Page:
The pain isn’t over for Baton Rouge and surrounding communities after the recent flooding. Even after this once-in-a-millennium flood, the region continues to be hammered by thunderous afternoon storms dumping inches of water followed by the usual tropical heat blast that Louisiana is famous for in late summer. This week’s show is my annual recognition of Hurricane Katrina.
It’s not as if this area needs any more grist (or precipitation) to sing the blues.
The Great Mississippi Flood of 1927 affected over a half million people, displacing 200,000 African Americans along the lower Mississippi River — many of whom joined the Great Migration that carried jazz and blues to Chicago and other northern cities (and ultimately the world.)
The devastation inspired a great many songs, perhaps most notably When the Levee Breaks by Memphis Minnie who was born in Algiers across the river from New Orleans. She wrote and performed the song with her husband Kansas Joe McCoy but you might be more familiar with the Led Zeppelin adaptation of the song.
And of course, there’s Randy Newman’s seminal Louisiana 1927 which became closely associated with the New Orleans flood following Hurricane Katrina — another song-inspiring catastrophe.
Of the many Katrina songs, I think Marva Wright whose eastern New Orleans home was destroyed under eight feet of water best captures the frustration of being stranded in a city surrounded by deep poisonous water and no relief available. Though she was able to leave the city before Katrina, she puts you right up on a baking rooftop waving towels at the helicopters as they fly by in her song The Levee is Breaking Down. She follows that song up on her album “When the Levees Broke,” with a heart crushing lament called Katrina Blues.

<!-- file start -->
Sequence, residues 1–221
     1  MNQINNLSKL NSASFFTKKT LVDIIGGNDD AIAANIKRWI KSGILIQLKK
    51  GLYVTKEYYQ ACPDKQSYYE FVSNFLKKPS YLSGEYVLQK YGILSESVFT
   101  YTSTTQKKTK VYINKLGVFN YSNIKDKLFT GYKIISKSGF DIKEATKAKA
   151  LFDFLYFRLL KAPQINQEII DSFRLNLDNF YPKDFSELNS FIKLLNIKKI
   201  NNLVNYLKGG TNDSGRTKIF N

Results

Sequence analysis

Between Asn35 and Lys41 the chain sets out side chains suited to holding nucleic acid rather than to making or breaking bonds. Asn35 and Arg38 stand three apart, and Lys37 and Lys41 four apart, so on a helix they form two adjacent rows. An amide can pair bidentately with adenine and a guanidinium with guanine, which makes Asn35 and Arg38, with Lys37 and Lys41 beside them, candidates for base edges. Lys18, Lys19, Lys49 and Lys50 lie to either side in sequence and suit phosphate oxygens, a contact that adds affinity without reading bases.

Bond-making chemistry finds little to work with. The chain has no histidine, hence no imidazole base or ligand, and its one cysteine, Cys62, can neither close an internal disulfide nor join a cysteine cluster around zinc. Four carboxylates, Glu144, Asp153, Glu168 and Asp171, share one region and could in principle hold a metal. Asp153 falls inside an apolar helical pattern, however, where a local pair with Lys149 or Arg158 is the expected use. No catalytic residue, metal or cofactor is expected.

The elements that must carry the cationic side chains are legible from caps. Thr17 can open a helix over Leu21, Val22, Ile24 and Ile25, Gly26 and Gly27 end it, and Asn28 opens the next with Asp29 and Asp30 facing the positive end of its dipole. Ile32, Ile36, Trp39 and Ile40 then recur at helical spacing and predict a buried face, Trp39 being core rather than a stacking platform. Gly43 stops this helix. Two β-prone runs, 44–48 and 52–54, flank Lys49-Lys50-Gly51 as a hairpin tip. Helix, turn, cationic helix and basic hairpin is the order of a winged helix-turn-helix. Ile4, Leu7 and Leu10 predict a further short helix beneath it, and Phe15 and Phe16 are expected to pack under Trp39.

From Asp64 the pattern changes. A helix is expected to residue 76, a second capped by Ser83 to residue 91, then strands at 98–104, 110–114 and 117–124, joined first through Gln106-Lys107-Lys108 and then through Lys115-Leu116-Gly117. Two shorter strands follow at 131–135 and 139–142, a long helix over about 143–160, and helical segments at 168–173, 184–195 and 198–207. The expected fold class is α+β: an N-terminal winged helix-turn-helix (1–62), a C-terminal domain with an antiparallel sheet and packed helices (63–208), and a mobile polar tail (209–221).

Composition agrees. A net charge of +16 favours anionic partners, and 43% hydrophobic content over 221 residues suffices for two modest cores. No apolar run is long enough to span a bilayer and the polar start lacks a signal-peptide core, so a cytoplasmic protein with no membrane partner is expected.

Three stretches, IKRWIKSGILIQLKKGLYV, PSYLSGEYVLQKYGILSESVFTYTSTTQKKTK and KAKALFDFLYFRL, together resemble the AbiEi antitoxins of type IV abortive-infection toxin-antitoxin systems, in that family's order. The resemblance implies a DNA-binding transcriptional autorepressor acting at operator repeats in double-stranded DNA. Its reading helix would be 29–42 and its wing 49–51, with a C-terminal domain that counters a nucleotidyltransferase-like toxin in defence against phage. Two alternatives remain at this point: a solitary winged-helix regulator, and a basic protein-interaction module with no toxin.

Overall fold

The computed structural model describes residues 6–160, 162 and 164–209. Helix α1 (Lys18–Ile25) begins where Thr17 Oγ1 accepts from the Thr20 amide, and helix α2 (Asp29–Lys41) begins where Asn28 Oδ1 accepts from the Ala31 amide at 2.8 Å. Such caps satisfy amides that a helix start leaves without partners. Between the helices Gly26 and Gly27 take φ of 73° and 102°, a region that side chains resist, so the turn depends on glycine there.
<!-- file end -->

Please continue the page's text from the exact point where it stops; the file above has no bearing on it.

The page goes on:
This is the 11th anniversary of Hurricane Katrina with the city mostly recovered. But now with the Louisiana Flood of 2016, there’s a new recovery effort that is underway and new music being written to chronicle the struggles.
Check my show out this Thursday, I’ll be playing Memphis Minnie, Marva Wright, Zachary Richard and John Boutte’s version of Louisiana 1927. I’m also expecting to get on the phone with Roddie Romero who fronts the Lafayette-based band, Roddie Romero & the Hub City All-Stars to hear about how things are going over there and to talk about his band’s soon-to-be-released album, “Gulfstream.”
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